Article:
(4) All evidence to such proceedings shall be taken in the presence of the children or relative against whom an order for payment of maintenance is proposed to be made, and shall be recorded in the manner prescribed for summons cases: Provided that if the Tribunal is satisfied that the children or relative against whom an order for payment of maintenance is proposed to be made is willfully avoiding service, or willfully neglecting to attend the Tribunal, the Tribunal may proceed to hear and determine the case ex parte.

(5) Where the children or relative is residing out of India, the summons shall be served by the Tribunal through such authority, as the Central Government may by notification in the official Gazette, specify in this behalf.

(6) The Tribunal before hearing an application under section 5 may, refer the same to a Conciliation Officer and such Conciliation Officer shall submit his findings within one month and if amicable settlement has been arrived at, the Tribunal shall pass an order to that effect.

Explanation.—For the purposes of this sub-section

“Conciliation Officer” means any person or representative of an organisation referred to in Explanation to sub-section (1) of section 5 or the Maintenance Officers designated by the State Government under sub-section (1) of section 18 or any other person nominated by the Tribunal for this purpose. “

29. Section 7 of the Act speaks about constitution of Maintenance Tribunal, and it reads thus:

“7. Constitution of Maintenance Tribunal.—(1) The State Government shall within a period of six months from the date of the commencement of this Act, by notification in Official Gazette, constitute for each Sub-division one or more Tribunals as may be specified in the notification for the purpose of adjudicating and deciding upon the order for maintenance under section 5.

(2) The Tribunal shall be presided over by an officer not below the rank of Sub- Divisional Officer of a State.

(3) Where two or more Tribunals are constituted for any area, the State Government may, by general or special order, regulate the distribution of business among them.” 30. Section 8 of the Act speaks about summary procedure in case of inquiry, and it reads thus:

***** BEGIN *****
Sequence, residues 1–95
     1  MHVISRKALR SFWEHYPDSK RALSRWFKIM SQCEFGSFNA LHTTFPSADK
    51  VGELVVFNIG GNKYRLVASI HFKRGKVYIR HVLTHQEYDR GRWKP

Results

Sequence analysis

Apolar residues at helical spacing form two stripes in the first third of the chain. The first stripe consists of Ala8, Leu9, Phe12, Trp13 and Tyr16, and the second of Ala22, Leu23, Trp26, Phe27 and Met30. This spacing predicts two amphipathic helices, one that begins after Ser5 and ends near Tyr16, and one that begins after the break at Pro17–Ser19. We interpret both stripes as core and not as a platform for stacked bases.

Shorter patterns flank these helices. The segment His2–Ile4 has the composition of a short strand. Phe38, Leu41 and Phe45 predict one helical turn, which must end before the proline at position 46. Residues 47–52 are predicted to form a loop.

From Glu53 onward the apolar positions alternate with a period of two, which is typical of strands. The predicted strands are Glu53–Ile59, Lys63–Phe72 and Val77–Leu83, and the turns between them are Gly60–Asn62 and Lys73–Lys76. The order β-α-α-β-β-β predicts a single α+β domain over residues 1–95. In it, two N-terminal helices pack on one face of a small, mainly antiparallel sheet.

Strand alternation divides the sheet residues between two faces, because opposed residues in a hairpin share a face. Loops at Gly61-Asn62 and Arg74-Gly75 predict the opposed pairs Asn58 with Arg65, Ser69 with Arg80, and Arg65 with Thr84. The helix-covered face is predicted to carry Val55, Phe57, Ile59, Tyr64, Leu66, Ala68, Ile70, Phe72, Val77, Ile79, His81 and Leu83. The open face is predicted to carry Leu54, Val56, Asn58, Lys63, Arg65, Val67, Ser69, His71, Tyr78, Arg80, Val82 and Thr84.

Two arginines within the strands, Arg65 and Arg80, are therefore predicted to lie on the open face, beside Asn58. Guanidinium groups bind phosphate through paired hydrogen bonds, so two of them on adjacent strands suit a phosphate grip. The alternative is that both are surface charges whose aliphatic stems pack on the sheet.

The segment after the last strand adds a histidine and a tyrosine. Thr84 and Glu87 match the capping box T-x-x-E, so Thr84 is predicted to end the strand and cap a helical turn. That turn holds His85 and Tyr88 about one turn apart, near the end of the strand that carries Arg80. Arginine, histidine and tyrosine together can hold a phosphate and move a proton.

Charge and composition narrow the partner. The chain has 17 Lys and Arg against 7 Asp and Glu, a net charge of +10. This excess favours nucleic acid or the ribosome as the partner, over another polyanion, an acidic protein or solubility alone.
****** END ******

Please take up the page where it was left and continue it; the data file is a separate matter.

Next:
“8. Summary procedure in case of inquiry.—(1) In holding any inquiry under Section 5, the Tribunal may, subject to any rules that may be prescribed by the State Government in this behalf, follow such summary procedure as it deems fit.

(2) The Tribunal shall have all the powers of a Civil Court for the purpose of taking evidence on oath and of enforcing the attendance of witnesses and of compelling the discovery and production of documents and material objects and for such other purposes as may be prescribed; and the Tribunal shall be deemed to be a Civil Court for all the purposes of Section 195 and Chapter XXVI of the Code of Criminal Procedure, 1973 (2 of 1974).

(3) Subject to any rule that may be made in this behalf, the Tribunal may, for the purpose of adjudicating and deciding upon any claim for maintenance, choose one or more persons possessing special knowledge of any matter relevant to the inquiry to assist it in holding the inquiry.

31. Section 15 of the Act speaks about the constitution of Appellate Tribunal, and it reads thus:

“15. Constitution of Appellate Tribunal.—(1) The State Government may, by notification in the Official Gazette, constitute one Appellate Tribunal for each district to hear the appeal against the order of the Tribunal.

(2) The Appellate Tribunal shall be presided over by an officer not below the rank of District Magistrate.”

32. Section 16 of the Act speaks about appeals, and it reads thus:

“16. Appeals.- (1) Any senior citizen or a parent, as the case may be, aggrieved by an order of a Tribunal may, within sixty days from the date of the order, prefer an appeal to the Appellate Tribunal:

Provided that on appeal, the children or relative who is required to pay any amount in terms of such maintenance order shall continue to pay to such parent the amount so ordered, in the manner directed by the Appellate Tribunal: